Let me begin by saying that I am no sports fan. This applies equally and unilaterally to all sports, with the exception of any that I happen to be doing. That means no Olympics, no Rolland Garros, no Tour de France, no golf, no baseball. Not even hockey, my home country’s national sport.
I am especially grateful for having married a man who is not particularly interested in watching televised sports. The sound of cheering fans on TV makes me vaguely nauseous. The inane banter of the sportscasters and their hysterical cries in anticipation of a goal make me crazy. If I had to listen to that every weekend we would probably not have made it out of the starting blocks.
There have been two notable exceptions to this policy. The first was in 1998, the other on Sunday. When I discovered a horrible truth about myself: it’s probably just as well that I’m not a regular sports fan. Because when I do root for a team, I become a nasty, screaming banshee with murder in my heart.
But French. Down to my deepest primal self.
In 1998, we had only recently moved outside of Lyon to the sleepy village of Soucieu-en-Jarrest. We barely knew our neighbours when word came that the final was going to be shown on a big screen at the football field just around the corner from our house. When it looked like things were going well for Les Bleus, we packed up the kids and joined every other inhabitant of our village out on the field at the stadium. Suddenly it seemed like we knew everybody. The mood was high and the draft beer flowed freely. When we won, there was a collective sense of joy that took over every last one of us. We were the Champions! And we joined arms and sang the theme song of our team along with everyone else: I will survive. It was epic.
So when it happened that we were in our old village on Sunday visiting friends, we were not-so-secretly hoping that we could stage a rematch performance on the football field. Alas, it was not to be. Times have changed, our friends explained, and it seemed the town could no longer organize such an event without proper security measures, bla bla bla.
That didn’t stop us from watching the game. And perhaps it’s just as well that no one but my closest family witnessed my performance. In between a spectacular flow of curses in both languages, I would have cheerfully ripped the pony tail off that Croatian player.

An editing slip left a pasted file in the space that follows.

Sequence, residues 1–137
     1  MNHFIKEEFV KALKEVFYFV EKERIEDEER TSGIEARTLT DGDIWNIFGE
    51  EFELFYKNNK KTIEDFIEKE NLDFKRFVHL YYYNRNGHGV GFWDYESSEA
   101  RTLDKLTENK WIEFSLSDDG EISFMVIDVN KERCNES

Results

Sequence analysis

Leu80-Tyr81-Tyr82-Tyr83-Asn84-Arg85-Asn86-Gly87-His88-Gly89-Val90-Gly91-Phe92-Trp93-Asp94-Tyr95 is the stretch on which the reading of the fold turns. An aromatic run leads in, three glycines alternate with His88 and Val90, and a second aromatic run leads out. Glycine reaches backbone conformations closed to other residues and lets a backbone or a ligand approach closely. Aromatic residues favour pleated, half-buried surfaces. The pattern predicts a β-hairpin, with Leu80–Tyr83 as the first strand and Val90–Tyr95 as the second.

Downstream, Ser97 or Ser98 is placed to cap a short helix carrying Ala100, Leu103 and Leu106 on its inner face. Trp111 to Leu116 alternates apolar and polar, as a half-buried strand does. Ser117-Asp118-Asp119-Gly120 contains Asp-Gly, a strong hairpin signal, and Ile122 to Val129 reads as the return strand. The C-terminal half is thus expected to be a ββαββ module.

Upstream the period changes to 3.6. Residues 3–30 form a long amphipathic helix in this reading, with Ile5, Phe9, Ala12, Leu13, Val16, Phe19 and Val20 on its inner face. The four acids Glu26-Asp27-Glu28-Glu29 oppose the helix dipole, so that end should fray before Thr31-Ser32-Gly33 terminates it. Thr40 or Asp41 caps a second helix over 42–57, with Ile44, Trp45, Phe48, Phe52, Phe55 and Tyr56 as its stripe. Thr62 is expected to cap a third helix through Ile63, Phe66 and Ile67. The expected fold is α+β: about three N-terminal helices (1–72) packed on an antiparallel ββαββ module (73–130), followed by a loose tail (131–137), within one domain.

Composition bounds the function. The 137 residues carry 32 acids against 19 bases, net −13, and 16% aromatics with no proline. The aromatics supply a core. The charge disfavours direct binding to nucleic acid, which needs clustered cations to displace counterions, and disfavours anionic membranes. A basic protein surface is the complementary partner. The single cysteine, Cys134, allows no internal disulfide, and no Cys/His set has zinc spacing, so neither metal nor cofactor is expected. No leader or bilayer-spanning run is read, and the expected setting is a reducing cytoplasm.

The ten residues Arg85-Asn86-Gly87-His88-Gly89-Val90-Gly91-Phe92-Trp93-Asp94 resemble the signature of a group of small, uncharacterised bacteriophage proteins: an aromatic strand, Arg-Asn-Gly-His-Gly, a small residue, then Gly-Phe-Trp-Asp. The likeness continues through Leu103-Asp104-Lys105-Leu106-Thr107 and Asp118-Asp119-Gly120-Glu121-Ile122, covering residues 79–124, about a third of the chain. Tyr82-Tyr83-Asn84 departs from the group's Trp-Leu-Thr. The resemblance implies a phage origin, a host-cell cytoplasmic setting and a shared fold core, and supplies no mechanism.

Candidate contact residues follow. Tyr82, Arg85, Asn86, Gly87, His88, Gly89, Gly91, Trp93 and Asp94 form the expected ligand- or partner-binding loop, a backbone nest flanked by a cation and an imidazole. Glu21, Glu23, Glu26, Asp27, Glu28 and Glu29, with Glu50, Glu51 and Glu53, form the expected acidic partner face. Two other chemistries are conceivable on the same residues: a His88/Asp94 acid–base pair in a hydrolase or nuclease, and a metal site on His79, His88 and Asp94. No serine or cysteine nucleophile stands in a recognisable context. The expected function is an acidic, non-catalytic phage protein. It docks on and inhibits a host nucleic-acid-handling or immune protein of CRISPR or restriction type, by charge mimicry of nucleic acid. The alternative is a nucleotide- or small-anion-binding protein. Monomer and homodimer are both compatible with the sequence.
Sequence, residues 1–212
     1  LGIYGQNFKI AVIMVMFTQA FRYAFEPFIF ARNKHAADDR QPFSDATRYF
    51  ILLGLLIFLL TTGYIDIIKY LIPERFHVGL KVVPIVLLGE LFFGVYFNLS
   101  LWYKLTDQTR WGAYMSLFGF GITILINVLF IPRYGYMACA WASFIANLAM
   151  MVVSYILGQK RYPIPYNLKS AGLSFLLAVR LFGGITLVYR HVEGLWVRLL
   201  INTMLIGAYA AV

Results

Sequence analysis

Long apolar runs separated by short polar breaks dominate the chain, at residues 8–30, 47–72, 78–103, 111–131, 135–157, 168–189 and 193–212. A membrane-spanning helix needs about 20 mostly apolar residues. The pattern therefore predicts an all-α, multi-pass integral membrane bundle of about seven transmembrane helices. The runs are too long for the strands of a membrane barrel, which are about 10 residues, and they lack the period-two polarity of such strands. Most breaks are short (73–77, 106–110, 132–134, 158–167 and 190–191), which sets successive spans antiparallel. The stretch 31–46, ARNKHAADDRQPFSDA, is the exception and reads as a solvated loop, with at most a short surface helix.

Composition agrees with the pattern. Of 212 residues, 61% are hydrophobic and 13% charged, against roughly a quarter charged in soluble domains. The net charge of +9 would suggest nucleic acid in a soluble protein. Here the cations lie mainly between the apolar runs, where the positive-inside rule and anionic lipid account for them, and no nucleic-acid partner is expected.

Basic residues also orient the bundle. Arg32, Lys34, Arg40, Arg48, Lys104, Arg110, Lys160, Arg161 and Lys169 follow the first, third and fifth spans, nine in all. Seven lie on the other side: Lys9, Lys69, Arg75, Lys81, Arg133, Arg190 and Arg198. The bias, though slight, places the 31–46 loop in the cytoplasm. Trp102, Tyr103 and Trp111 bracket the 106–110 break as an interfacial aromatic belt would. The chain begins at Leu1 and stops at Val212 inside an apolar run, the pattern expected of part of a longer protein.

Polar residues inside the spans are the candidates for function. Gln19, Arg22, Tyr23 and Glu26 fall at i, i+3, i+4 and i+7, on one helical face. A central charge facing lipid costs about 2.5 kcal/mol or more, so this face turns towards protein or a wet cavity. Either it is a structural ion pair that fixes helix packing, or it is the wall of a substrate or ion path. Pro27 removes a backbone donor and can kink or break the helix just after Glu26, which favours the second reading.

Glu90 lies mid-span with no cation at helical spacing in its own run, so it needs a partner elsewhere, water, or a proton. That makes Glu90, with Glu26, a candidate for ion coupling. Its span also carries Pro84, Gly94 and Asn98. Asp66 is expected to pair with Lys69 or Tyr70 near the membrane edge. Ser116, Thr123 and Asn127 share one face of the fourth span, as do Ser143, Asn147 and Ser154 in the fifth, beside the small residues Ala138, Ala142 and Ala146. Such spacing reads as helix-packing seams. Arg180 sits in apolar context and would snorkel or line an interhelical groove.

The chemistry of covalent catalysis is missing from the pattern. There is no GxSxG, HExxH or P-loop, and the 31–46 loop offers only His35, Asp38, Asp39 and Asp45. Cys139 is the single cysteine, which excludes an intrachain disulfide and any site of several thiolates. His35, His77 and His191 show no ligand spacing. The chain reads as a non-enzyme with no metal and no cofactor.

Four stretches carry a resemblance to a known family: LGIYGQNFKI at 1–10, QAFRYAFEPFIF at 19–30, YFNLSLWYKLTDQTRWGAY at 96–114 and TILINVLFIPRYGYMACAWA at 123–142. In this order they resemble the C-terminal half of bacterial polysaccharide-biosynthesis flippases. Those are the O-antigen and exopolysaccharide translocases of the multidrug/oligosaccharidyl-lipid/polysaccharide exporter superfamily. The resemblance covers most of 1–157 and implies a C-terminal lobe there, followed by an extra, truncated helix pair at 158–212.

And then it happened. We are the champions again!
You can see the difference that 20 years has made to the celebrations in the video below from Le Monde. Due to the risks associated with terrorism and crowd control, the bus carrying Les Bleus along the Champs Elysées on Monday was segregated by police and a separate lane from the public. It zipped through in less than 20 minutes whereas in 1998, the players were surrounded by their fans and the whole procession lasted two hours.
Still, I think that all this sports fan malarkey isn’t really for me. Patriotism, nationalism, bigotry, competition against those who hail from other places. In the end, this kind of display represents everything I detest.
Not to forget the violence against women, out-of-control crowds looting stores and other drunken behaviour that often accompanies such events.
And yet. People need heroes. Kids need dreams. We all need a reason to cheer. The Elysée Palace invited kids from all walks of life to share in the VIP event. Sport can indeed be a great leveler. And so I will probably make an exception and wave the flag for France again.
Once every 20 years isn’t bad, right? And If France makes it to the World Cup Final in 2038, that should just about give me time to recover.
Are you a sports fan?